- By Kevin
- On May 16, 2017
- North America
- Travel Tips
There're some beautiful places nearby Los Angeles which worth you visit, and certanly will leave you and your family or friends a meaningful outdoor trip or holiday, which are special and famous around the Los Angeles city. And here're two of them.
Back in the early 1800s, this waterfront neighborhood was home to Canada's largest distilling company, the Gooderham and Worts Distillery. Today, this historic pedestrian-only neighborhood – flanked by industrial-style Victorian buildings and paved with cobblestone once tread on by horse-drawn carriages – overflows with art galleries, performance spaces, cafes, restaurants and yes, a brewery. For a true glimpse into Toronto's past, this is the place to go. Enjoy festivals and outdoor exhibitions throughout the year, join an art class or kick back, relax and enjoy an authentic Canadian brewski.
Travelers say the best part of this attraction is its ambiance. Yes the food is tasty and the shops are unique, but simply visiting to take in the atmosphere of one of Toronto's most beloved hangout spots is worth a walk around alone. If you're not around in the summer don't fret – Torontonians and winter visitors alike say the Christmas Market is a gem, especially with some mulled wine in hand. Hours are 11 a.m. to 7 p.m. Monday through Wednesday. Thursday, Friday and Saturday hours are extended until 8 p.m. but on Sundays, businesses close up around 6 p.m. You can find the Distillery District near downtown Toronto, a little more than a mile from the King subway station.
St. Lawrence Market
Located in Toronto's historic Old Town, the St. Lawrence Market has seen many faces since its construction in the 17th century. Along with being a marketplace, the St. Lawrence Market has served as the city's social center, as well as its City Hall. Today, the market sells goodies galore, from gourmet cured meats on one end to handcrafted jewelry in the other. The St. Lawrence Market is divided into three buildings: the South Market, the North Market and St. Lawrence Hall. The South Market features 120 vendors that sell a mix of food and retail items. There are also cooking classes held at the Market Kitchen as well as exhibitions on the city's art, culture and history held in the Market Gallery. The St. Lawrence Hall houses retail businesses, while the North Market is famous for its historic farmers market. Every Saturday since 1803, purveyors from Southern Ontario gather at the North Market to sell their seasonal produce. On Sundays, the farmers market converts into a flea market, where more than 80 vendors sell antique items.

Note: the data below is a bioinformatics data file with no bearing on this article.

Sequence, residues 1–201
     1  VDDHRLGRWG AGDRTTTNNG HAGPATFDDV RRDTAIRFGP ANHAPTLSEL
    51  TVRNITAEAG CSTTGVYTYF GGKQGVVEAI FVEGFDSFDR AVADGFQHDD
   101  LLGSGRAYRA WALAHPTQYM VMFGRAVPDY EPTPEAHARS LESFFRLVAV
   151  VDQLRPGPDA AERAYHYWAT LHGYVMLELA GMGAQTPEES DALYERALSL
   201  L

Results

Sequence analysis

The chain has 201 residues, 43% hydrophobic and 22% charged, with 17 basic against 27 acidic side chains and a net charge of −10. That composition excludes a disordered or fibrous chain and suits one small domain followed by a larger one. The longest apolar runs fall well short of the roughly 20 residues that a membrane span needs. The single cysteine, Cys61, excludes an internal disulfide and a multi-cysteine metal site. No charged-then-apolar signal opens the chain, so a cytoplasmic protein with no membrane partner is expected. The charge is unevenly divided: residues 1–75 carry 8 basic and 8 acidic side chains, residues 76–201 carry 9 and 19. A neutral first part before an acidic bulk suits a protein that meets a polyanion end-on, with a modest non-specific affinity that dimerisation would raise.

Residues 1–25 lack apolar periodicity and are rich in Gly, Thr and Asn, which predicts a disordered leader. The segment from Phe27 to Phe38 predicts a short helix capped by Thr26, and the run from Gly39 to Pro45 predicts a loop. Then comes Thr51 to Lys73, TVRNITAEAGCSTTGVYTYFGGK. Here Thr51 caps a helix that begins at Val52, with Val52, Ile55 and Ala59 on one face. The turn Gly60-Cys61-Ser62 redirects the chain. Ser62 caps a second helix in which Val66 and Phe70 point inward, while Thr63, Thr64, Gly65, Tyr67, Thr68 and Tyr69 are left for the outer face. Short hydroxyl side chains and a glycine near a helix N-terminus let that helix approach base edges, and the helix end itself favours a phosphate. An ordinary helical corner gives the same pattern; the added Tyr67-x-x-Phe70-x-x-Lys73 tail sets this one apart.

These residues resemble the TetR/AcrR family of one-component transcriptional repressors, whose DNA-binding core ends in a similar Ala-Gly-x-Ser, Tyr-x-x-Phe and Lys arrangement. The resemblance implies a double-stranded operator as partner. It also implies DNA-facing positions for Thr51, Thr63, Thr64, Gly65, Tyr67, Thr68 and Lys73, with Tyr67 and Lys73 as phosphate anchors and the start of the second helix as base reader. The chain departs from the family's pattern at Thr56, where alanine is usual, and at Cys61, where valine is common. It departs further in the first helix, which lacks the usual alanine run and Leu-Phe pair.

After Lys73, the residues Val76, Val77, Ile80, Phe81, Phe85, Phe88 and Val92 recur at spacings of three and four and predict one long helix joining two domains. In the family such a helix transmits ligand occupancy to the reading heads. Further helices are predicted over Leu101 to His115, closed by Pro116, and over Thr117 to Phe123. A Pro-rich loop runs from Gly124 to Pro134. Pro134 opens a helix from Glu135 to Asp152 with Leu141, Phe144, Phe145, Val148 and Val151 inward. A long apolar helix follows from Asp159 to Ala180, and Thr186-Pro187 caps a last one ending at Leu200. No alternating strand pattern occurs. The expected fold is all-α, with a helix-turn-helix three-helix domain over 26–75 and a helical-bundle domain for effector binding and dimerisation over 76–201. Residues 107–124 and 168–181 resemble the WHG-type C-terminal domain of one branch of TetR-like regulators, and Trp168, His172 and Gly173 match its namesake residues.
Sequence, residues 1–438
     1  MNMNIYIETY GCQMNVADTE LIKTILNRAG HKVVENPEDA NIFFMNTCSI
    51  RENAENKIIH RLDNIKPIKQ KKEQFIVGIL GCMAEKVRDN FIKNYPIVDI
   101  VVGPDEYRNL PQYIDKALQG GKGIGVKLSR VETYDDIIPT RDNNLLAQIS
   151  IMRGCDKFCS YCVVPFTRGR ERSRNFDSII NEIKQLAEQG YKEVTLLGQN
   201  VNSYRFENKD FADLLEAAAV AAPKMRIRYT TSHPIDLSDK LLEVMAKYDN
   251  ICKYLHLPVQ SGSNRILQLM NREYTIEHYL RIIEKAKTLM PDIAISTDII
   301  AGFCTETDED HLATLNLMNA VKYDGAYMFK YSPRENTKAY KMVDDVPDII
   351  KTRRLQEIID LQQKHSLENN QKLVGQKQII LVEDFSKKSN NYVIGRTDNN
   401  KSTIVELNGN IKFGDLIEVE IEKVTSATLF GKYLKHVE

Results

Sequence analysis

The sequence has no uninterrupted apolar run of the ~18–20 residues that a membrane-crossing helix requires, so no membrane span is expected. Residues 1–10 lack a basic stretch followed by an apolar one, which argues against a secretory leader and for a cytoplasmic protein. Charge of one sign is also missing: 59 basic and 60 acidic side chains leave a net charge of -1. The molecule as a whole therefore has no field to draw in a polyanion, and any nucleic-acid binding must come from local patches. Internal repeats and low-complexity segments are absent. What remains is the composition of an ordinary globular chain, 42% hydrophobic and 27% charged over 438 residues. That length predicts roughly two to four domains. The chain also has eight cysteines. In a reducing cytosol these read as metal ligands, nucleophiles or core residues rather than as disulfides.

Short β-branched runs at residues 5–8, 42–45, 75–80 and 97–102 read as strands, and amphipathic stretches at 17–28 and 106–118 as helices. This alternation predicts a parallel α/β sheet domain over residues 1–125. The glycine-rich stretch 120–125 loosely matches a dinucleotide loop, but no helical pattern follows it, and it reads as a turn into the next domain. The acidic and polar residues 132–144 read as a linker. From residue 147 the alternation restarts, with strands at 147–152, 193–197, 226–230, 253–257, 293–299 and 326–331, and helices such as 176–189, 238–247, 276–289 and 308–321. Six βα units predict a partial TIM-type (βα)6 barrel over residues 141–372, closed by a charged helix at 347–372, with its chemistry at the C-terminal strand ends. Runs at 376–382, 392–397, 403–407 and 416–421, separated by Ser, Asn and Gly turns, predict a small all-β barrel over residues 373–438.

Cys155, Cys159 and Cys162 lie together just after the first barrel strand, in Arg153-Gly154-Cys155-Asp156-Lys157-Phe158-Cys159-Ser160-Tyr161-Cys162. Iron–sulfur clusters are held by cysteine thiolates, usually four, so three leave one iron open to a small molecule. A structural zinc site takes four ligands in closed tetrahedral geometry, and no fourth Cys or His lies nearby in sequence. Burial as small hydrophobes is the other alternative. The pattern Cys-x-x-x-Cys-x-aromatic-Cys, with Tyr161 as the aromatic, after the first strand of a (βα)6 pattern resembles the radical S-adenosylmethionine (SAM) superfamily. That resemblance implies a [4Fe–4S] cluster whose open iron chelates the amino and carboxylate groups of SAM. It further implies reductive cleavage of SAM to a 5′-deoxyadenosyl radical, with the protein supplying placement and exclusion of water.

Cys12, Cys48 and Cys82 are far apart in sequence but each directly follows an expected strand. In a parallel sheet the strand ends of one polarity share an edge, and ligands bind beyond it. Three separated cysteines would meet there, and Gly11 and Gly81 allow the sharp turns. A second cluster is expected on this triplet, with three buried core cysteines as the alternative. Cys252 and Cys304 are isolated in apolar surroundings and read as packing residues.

The St. Lawrence Market is often regarded as one of the best food markets in the world by foodie experts, and travelers couldn't agree more. Not only were recent visitors impressed by the overwhelming amount of delicious food under this market's one roof, but they also loved how reasonably priced items were. According to some visitors, the food is only half the fun. Many strongly recommended holding out on a visit for Saturday, when the market truly comes alive with vivacious vendors hawking their fare to both hungry tourists and locals. If you're not one for big crowds, make sure to get there really early. Some visitors say you cannot leave the market without getting a peameal bacon sandwich at the Carousel Bakery. A signature dish in Toronto, the sandwich is simple but, packs a flavorful punch. The Carousel's sandwich, which is simply Canadian back bacon stuffed between a Kaiser roll, sells upward of 2,600 peameal bacon sandwiches in one Saturday alone.
The St. Lawrence Market is open throughout the day from Tuesday through Saturday, while Sundays are devoted to the Antique Market. Hours vary by day but admission is free. You can find the St. Lawrence Market in downtown Toronto, less than a mile from the King subway station.